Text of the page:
Marcus Morris posted 28 points and seven rebounds, leading the Kansas men's basketball team to a 92-62 victory over Washburn in its first exhibition game Tuesday night at Allen Fieldhouse.
KU-Washburn box score ( .PDF )
We all grow up at different rates. For example, maturity-wise, I’m looking forward to my teenage years.
Kansas University junior guard Tyshawn Taylor often didn’t seem as grown-up as most teammates the first two years of his college basketball career. He’d show flashes of consistency, lasting as long as a few games, and then lapse back into poor decision-making.
He’s a year older and seemingly light-years wiser than when he was mired in the whole in-your-Facebook controversy. In talking to him and watching him play basketball, he just seems as if he has gained a few years of maturity in one year. Of course, the true measure of a young man’s emotional stability comes when adversity hits, and there is none of that during a Late Night scrimmage, Media Day and postgame interviews and in an exhibition game against Div. II Washburn.
Still, so far, so encouraging.
Not a gifted passer, Taylor’s doing a better job of making the easy pass. Not a natural lights-out shooter, his shot looks better. It’s obvious he has been working hard at smoothing out his stroke.
More than anything, Taylor looks and sounds like a young man who has learned how to get out of his own way, and when that happens, everything starts to blossom.
Look for less posing from Taylor after spectacular plays, less hanging of the head after bad ones. Look for Taylor to look ahead to the next play more often instead of looking back at the last one.
Marcus and Markieff Morris, throwing great passes, cutting to the hoop hard, playing physically and exhibiting soft shooting touches, easily were KU’s best players in Tuesday night’s exhibition opener, a 92-62 victory against Washburn.
And that was just fine with Taylor. He didn’t play like a guy driven to earn player-of-the-night honors. He didn’t look like a show-off attempting to lead SportsCenter.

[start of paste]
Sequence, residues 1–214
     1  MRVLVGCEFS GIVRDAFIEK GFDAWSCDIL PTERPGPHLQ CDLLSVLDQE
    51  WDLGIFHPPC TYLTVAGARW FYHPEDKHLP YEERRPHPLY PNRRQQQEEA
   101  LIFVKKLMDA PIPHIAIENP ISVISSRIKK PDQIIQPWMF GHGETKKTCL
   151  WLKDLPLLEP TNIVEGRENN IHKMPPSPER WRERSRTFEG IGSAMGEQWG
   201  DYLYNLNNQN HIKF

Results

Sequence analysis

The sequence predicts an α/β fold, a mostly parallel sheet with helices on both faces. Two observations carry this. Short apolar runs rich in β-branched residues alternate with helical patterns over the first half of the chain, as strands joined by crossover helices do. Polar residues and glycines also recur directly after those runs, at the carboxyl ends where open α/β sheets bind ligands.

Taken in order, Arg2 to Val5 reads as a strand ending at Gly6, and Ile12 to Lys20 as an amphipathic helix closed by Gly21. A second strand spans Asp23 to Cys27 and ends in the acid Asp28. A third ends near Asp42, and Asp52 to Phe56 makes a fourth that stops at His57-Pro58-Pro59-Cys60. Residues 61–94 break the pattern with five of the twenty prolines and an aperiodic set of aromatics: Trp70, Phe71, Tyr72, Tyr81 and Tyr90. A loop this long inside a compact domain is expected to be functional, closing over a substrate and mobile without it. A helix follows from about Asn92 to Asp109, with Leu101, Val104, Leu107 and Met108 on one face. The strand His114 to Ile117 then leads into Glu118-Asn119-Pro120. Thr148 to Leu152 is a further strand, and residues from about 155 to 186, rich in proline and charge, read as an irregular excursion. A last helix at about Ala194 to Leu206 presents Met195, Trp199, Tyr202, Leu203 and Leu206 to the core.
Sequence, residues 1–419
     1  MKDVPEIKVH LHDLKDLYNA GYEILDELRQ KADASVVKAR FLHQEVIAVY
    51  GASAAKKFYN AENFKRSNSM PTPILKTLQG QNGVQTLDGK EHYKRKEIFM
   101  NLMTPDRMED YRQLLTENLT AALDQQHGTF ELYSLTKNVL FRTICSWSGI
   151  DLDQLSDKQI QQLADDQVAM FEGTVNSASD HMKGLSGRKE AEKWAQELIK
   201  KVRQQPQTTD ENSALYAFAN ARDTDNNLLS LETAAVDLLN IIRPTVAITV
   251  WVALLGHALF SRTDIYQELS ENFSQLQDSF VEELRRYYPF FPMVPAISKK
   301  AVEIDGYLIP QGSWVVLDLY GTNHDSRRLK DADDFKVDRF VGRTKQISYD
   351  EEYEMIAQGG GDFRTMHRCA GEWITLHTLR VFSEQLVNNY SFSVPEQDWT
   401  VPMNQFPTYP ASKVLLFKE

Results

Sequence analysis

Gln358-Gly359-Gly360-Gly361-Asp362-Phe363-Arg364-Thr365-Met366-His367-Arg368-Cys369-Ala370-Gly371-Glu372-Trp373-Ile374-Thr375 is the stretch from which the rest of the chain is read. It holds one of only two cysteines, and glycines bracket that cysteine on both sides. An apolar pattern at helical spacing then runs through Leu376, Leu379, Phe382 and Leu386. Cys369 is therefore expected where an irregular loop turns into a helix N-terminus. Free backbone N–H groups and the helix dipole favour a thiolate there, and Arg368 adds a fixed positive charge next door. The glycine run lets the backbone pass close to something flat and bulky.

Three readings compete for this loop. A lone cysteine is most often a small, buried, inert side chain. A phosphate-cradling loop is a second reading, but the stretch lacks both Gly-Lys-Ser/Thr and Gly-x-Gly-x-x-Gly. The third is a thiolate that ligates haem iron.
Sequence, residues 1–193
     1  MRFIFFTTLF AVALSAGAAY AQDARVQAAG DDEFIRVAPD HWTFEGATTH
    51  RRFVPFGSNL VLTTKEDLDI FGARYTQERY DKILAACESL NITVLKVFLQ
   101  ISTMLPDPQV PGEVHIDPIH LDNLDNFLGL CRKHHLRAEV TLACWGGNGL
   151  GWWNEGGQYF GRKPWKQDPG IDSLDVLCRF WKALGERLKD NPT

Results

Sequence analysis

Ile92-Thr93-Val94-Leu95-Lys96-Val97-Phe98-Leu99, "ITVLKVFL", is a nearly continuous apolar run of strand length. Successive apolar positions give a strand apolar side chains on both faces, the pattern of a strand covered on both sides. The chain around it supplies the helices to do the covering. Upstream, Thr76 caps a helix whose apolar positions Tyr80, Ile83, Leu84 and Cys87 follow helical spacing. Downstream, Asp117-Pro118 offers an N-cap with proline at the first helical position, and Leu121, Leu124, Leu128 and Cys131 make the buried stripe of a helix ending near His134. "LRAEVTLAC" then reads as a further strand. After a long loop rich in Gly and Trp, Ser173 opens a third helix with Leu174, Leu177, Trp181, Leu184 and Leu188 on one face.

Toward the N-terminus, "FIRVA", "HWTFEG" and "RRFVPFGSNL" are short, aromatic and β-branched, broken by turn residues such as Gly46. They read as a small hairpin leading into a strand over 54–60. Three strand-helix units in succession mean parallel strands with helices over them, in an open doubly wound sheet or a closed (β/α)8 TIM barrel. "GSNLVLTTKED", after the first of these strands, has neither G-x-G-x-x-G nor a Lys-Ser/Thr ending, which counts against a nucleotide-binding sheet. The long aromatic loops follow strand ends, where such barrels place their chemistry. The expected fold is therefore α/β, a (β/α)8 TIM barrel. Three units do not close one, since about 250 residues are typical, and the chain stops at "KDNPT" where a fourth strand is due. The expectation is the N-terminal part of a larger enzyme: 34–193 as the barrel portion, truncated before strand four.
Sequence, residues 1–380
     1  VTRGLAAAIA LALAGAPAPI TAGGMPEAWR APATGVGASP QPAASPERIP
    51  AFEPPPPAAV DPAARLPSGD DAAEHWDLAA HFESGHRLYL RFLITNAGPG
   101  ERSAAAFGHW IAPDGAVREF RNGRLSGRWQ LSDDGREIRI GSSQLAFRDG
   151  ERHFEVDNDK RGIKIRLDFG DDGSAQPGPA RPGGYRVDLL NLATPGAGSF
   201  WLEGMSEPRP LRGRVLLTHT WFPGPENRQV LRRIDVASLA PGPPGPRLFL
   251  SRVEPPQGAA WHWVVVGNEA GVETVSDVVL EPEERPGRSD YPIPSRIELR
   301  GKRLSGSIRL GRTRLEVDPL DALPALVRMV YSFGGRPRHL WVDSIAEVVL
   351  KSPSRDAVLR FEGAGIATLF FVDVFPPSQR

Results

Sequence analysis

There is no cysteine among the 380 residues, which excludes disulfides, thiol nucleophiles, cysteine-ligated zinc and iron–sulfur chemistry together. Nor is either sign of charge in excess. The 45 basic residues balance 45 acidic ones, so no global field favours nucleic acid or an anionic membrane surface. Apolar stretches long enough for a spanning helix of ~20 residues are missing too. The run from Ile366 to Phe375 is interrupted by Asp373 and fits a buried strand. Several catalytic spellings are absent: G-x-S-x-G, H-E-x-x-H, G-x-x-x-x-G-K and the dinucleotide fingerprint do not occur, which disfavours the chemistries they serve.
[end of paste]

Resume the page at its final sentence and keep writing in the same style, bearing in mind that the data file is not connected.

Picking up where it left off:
The word he kept returning to during postgame interviews was the one that best described his play: solid.
“I need to be the rock for my team,” Taylor said. “I can’t try to force too much, or do too much. I need to be a solid player. I need to make the easy plays and the smart plays. I need to be a leader vocally and by example. This was definitely a goal of mine. I’ve been working toward being a leader my entire time here, and I think I did pretty well tonight.”
Taylor played 22 minutes, scored 12 points, had three assists and two steals and did not get charged with a turnover, though he had the equivalent of one in his coach’s mind.
“He played well tonight,” Self said. “He made one bad decision in the first half. He drove into a crowd, and they bailed him out by calling a foul. He’s talented. His biggest thing is he’s so quick he can get to the paint when he wants to.”
On this night at least, Taylor looked like a pitcher blessed with a 100 mph fastball who realizes it’s better to throw a 93 mph strike than to walk the park while short-circuiting the radar gun.
If all goes well and Josh Selby gets cleared by the NCAA, by the time Big 12 Conference play arrives, Kansas could have one of the nation’s quickest backcourts to complement the nation’s best twins.